Nov 5th 2010 By: Chris Murphy
If the current political landscape of the United States makes one thing clear, it's that certain aspects of science can polarize a populace. It often seems as though scientists are viewed less as benevolent knowledge-seekers and more as dangerous charlatans. And it's starting to occur to me that the regular portrayal of evil and/or mad scientists in popular fiction for the past century or so probably isn't helping matters. Comics certainly shares in the responsibility for depicting sciences more as the domain of villains the Weather Wizard than Mr. Wizard. This week's debut issue of Warriors Three
, for example, sees science terrorists from Advanced Idea Mechanics release monsters from out of Norse mythology into the Midgard. Taskmaster
#3 also contains its share of science motifs with a band madmen playing "let's see how many Hitlers we can clone."
The trouble is that evil science, particularly when it's done as well as in these two cases, is so much fun to watch run rampant in a story. It's the perfect mix of hubris and technobabble and unfettered imagination. And if the price I have to pay is that whenever I see someone in a lab coat walk down the street I must to fight back an urge to tackle them to the ground yelling "Ha! I have foiled your nefarious plans!" then I consider this a price worth paying. So stand back while I cackle madly and throw the oversized switch that activates the machine to converts my brain waves into words that describe how good Warriors Three
Warriors Three is not, at first glance, a book about science. Written by Bill Willingham with art by penciler Neil Edwards, inker Scott Hanna and colorist Frank Martin, it's a story that stars Fandral, Volstagg and Hogun, three Asgardian heroes who readers are accustomed to seeing take a supporting role in the adventures of Thor. But this tale of the trio's adventures is narrated by a scientist, an A.I.M. agent by the name of Helen Gable who was part of a mission to the Norse realm of Nifelhel where A.I.M. sought to gain the aid of the monstrous wolf Fenrir in exchange for freeing the creature from its imprisonment by the Asgardians.
Helen plays as big a rol in the first issue as the Warriors Three, and it's her villainous quest that paves the way for events of the rest of the book, which invites the reader to consider the role of science in a world where mythological beasts are known to exist. Willingham fully plays up the contrast between the A.I.M. agents, relying on their super-science powered technology to function in a world based in myth, and the Warriors Three, wielding god-like powers, riding mystical horses and carrying swords as they attempt to fit in with the ordinary world.
I don't want to give the impression that Helen's story means Fandral, Volstagg and Hogun don't have ample opportunities to bask in the spotlight of their own book. I've been a fan of the trio -- Volstagg in particular -- for years, and each warrior gets a wonderful introductory scene as the book opens. Willingham and Edwards tell readers everything they need to know about each warrior in the tidy span of a page or two each. This miniseries has three issues left, so if you've been wary of the sheer number of Thor tie-in series being released ahead of the upcoming film, don't hesitate to give this book a shot.
Taskmaster, written by Fred Van Lente with art by Jefte Palo, released its third issue this week. First of all, here is the cover:
Now if that image hasn't already convinced you to at least give the series a shot, I'll go on. This series follows long-standing Marvel Universe villain Taskmaster, who has the ability to memorize and duplicate the physical actions taken by anyone he observes. But it's come at the expense of his own memories. Now suspected of turning good and aiding Steve Rogers and SHIELD, Taskmaster finds himself with a bounty on his head and tracked by the Org, an alliance of various henchmen-reliant evil organizations he's helped to train over the years. In order to figure out how to escape, he needs to retrace key life events he's forgotten.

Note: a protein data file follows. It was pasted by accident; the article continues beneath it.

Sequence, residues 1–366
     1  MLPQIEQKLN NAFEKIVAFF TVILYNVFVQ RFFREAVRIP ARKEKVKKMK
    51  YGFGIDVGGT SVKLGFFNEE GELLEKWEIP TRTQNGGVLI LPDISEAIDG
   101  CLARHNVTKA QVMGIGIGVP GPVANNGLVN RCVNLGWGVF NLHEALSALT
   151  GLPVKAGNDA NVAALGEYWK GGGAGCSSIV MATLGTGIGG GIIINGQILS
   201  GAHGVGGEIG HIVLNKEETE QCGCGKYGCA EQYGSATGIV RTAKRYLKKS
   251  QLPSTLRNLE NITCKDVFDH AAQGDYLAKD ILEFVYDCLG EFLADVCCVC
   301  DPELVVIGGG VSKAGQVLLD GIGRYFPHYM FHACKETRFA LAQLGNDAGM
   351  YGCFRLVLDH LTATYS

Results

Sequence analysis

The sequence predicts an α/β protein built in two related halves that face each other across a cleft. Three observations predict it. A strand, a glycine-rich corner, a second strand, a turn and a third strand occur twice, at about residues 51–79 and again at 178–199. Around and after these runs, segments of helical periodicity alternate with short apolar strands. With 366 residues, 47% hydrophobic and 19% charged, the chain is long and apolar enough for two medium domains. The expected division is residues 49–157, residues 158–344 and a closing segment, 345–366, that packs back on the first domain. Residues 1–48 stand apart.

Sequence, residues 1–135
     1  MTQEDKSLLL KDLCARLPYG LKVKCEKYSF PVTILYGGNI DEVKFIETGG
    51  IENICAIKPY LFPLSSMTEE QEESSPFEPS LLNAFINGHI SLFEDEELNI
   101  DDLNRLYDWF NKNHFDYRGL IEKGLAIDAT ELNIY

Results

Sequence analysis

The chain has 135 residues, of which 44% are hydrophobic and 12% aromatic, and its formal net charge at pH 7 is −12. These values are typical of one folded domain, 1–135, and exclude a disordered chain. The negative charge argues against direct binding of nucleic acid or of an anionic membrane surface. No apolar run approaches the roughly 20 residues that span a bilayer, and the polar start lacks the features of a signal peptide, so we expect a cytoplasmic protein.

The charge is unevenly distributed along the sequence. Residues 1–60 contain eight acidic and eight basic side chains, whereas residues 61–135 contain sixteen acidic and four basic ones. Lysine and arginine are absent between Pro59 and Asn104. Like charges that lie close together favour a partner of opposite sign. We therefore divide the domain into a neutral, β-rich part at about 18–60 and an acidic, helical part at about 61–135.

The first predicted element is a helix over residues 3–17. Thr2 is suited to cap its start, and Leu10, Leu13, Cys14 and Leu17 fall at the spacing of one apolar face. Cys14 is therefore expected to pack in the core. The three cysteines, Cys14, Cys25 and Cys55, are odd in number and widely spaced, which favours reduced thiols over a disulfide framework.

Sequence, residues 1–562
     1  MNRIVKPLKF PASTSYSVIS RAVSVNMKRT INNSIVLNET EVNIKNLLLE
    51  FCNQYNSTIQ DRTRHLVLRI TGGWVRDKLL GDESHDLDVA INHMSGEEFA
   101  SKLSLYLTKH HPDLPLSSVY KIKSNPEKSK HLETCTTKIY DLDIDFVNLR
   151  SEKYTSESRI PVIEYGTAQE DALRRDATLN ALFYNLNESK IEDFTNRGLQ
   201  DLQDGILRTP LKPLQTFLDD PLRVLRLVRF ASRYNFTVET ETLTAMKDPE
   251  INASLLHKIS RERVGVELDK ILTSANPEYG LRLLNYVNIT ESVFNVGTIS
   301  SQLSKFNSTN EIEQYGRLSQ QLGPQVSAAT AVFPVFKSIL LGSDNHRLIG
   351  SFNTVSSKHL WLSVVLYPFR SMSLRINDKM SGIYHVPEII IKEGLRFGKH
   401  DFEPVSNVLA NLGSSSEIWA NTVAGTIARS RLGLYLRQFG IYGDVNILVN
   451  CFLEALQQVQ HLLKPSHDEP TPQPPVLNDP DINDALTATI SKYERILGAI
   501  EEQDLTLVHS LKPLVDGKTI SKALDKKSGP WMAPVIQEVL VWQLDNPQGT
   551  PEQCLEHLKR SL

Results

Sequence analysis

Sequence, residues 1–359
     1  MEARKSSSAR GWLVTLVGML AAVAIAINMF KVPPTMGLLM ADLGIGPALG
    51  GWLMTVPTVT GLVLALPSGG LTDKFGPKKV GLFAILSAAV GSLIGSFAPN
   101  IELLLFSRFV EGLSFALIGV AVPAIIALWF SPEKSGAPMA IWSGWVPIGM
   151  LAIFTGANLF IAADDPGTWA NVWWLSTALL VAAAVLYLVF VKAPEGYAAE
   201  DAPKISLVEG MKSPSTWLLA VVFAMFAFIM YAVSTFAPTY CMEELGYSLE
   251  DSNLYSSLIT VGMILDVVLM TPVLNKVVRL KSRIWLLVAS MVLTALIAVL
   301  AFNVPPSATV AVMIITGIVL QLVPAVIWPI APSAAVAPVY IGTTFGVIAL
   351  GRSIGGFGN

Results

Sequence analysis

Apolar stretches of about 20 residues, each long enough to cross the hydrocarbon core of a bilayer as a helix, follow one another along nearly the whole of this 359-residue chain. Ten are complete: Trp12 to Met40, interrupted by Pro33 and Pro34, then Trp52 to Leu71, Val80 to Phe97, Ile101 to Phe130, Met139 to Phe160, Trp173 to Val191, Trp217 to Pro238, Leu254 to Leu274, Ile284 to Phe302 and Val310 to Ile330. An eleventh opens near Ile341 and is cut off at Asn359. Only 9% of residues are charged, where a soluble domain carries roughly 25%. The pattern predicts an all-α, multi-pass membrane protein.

The series started strong with an action-packed first issue and has gotten even better with each subsequent release. Taskmaster and Mercedes Merced, a woman who's been helping him on his journey, arrive at a remote mountain village in Bolivia where everyone is Adolf Hitler. Which is to say that every man, woman and child in the village has the mindset, mannerisms and memories of the notorious Nazi leader.
Van Lente takes the concept in an entertaining direction, and rather than the standard approach of a South American conclave of fanatic Nazis, instead creates a small town filled with bloodthirsty power-mad despots each intent on annexing their neighbor's home through violent means in order to ensure enough living space for their family. It could have been a throwaway gag, but the cause of the town's Hitler problem is handled in a way that ties in with both the backstory of Taskmaster that we're gradually learning in tandem with the established history of the Marvel Universe.
The issue also introduces the man behind the wider plot against Taskmaster. I don't want to give too much away about him, but I will say that the first few pages of his appearance constitute one of the finest crafted comedic moments in comics I've read in some time. Van Lente has taken a lesser-known characters from the Marvel Universe, and in the span of a few issues, turned him into the star of a book that is now a must-read for me. There's even a big reveal about Taskmaster's past here that, while it may have some crying retcon foul, it only increased my anticipation for what comes next in the title. Taskmaster #3 was my favorite book I read this week, which should say something considering how many other great comics hit the stands.